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(Check out Sammy Levine’s movie review for The Zone of Interest, in theaters now via A24Seen it? Join the conversation with HtN on our Letterboxd Page.)

There are very few filmmakers whose work I will trek across town in the pouring rain to go see. More accurately, flash flooding. Soggy rats running through the New York subway system. Delayed trains. Damp socks. Dirt water dripping from the ceilings and collecting in puddles on the tracks near random articles of clothing and trash. Most of the time, this grossness would’ve killed my drive, but it seemed fitting for the experience I was embarking on. For many of us film heads, we waited for what felt like an eternity for Jonathan Glazer’s new film, The Zone of Interest; and finally, it had arrived.

Out of the gate, Glazer submerges us in complete and utter darkness. A black screen. Mica Levi’s ominous and skin crawling score drones and builds and builds. The horror and anxiety surrounds us, it is all consuming. It reaches its deathly sharp fever pitch, and suddenly our black bubble pops and we land in the idyllic countryside. A family by a lake at a picnic; it’s all so dreamy, beautiful and serene. Scenes of their seemingly quaint villa follow. Details of their two-story house emerge as we are introduced to their surroundings: a pool, a child’s water slide, the lush garden, a cozy dining room and kitchen. Like flies on the wall, we continue to observe them as they run through daily routines and tend to their responsibilities. All so casual, if a bit impersonal. Not a soul thinks twice; no one skips a beat. A perfect home to raise children for this young family.

As the arrow of time marches forward, the true awfulness of this family’s reality emerges; barbed wire on walls, distant shouting and screaming, columns of smoke erected in the sky. Unforgettable images populate the screen as the film strips back the layers of this family’s existential muck. The villa is attached to a tumor of pure concentrated malevolence: Camp Auschwitz. We see Commandant Höss (Christian Friedel) and his underlings discuss how to more effectively engineer the genocide, how to fit more victims into the chambers, how to do it quicker and more logistically sound. We move further into The Zone of Interest with intimate scenes in bed between Commander Hoss and his wife (Sandra Hüller) ridiculing the victims with snorting noises after robbing their corpses. Their children expel wet human ashes from their nostrils after swimming in the polluted river nearby. An old grandmother coughs hysterically as smoke from burned bodies suffocates the air. And the Hoss daughter, shot in shocking, surreal infrared, sneaks out in the middle of the night to plant apples near the camp to feed starving concentration camp victims.

The hideous nature of the film is paradoxically expressed through pristine and exacting formal execution. Glazer supported by his Polish DP, Łukasz Żal (previous work includes cinematography for Pawel Pawlikowski and Charlie Kaufman), leans into distancing wide shot lengths to render the imperviousness and callousness of the family. Furthermore, the logistical and narrative efficacy of these long and extreme long-shots economically capture the terrifyingly natural performances of Friedel and Hüller. Levi’s hypnotic and ambient score pulses and pumps a sense of dread through the intricate veins of this film. All the while Glazer’s labyrinthian script, based on the Martin Amis novel of the same name, ups the ante with new revelations the deeper we travel into the zone.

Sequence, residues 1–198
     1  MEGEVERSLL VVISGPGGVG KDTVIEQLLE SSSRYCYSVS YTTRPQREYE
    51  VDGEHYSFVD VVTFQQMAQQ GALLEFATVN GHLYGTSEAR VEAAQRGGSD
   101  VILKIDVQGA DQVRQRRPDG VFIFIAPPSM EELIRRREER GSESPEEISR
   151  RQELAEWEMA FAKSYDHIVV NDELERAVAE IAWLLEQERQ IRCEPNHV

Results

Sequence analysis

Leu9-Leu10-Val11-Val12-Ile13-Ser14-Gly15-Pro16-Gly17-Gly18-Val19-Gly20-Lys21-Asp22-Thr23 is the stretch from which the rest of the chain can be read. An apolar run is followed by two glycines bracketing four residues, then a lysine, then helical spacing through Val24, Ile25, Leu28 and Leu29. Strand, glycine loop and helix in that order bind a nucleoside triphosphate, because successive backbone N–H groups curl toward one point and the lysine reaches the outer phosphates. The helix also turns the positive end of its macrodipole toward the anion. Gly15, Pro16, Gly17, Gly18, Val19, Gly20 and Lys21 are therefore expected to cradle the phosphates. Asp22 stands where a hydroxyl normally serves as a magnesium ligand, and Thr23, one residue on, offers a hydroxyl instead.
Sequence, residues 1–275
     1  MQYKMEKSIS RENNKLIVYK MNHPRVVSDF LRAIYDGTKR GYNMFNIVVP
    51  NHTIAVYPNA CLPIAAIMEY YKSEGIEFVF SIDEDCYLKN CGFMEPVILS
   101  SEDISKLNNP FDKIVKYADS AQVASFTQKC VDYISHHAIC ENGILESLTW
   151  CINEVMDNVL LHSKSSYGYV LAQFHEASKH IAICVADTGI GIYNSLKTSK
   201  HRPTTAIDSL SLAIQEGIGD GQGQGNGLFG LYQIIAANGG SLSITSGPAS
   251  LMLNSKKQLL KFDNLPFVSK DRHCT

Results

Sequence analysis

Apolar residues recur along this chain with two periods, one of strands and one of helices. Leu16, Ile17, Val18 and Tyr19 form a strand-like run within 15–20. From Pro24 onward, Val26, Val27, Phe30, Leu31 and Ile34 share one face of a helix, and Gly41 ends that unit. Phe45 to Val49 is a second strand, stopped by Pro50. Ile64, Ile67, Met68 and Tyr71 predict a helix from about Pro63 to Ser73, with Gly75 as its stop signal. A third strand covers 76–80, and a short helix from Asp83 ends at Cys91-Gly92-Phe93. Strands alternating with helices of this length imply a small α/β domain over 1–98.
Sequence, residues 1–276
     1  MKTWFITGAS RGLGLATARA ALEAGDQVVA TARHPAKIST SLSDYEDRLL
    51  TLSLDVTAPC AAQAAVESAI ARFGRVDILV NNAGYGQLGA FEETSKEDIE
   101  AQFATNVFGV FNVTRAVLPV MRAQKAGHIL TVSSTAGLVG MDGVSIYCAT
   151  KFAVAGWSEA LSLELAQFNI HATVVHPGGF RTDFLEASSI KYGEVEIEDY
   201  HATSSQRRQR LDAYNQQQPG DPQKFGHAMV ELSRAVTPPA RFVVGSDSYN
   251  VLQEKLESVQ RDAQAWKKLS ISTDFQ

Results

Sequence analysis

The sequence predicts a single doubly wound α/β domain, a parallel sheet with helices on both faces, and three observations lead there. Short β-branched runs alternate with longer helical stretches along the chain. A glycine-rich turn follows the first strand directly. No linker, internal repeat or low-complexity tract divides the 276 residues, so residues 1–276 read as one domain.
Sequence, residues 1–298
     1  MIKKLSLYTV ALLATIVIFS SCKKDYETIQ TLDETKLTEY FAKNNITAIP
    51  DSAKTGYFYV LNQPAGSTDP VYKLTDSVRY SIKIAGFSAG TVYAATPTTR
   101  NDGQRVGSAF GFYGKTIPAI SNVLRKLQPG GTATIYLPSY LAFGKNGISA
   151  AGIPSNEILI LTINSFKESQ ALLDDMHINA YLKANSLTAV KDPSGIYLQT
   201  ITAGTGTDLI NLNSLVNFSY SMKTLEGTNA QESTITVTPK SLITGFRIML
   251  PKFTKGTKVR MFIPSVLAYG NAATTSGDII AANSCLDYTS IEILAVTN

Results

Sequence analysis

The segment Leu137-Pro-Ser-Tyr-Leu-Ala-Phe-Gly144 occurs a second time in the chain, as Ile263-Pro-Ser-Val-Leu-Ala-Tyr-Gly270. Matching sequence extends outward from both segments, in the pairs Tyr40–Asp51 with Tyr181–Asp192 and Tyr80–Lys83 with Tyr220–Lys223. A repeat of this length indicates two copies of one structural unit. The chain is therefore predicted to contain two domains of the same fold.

In The Zone of Interest, Auschwitz exists as a high maintenance and obsessively manicured beast. A place whose very life force feeds on the death it creates. It lives and breathes like any other character in the film. It is the monster of the film that is never fully revealed–occasionally alluded to, but always lurking in the shadows. As the Hoss family tends to their routine, its presence poisons every frame of their life. A disturbing reality of their own will. So, what exactly is The Zone of Interest? Clearly it is a reference to the concentration camp. But beyond that The Zone of Interest expresses a true and total assimilation of the nightmare. It is the study of an evil state of mind, and a grim but unique representation of humanity’s genocidal history.

– Samuel Levine (@thesammylevine)

A24; Jonathan Glazer; The Zone of Interest movie review

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Sammy Levine is a filmmaker and critic from Atlanta who currently resides in NYC. His obsession with film started at an early age and has only gotten more addictive and consuming. Post UGA graduation, he directed, produced, and wrote his first feature length film Requiem for a Writer (inspired by his favorite novel Sabbath's Theater by Philip Roth). When not working his entertainment advertising day job - he has been writing scripts, reviews, and/or working on short films. Sammy has a particular affinity for challenging/stylistic/dark cinema. Boogie Nights is his most watched and loved movie; Sexy Beast ranks a close second. He has made it his life mission to average watching at least one movie a day and so far so good! Also, a deep music lover, you can catch him wherever an alternative folk or dad rock band is playing in NYC.

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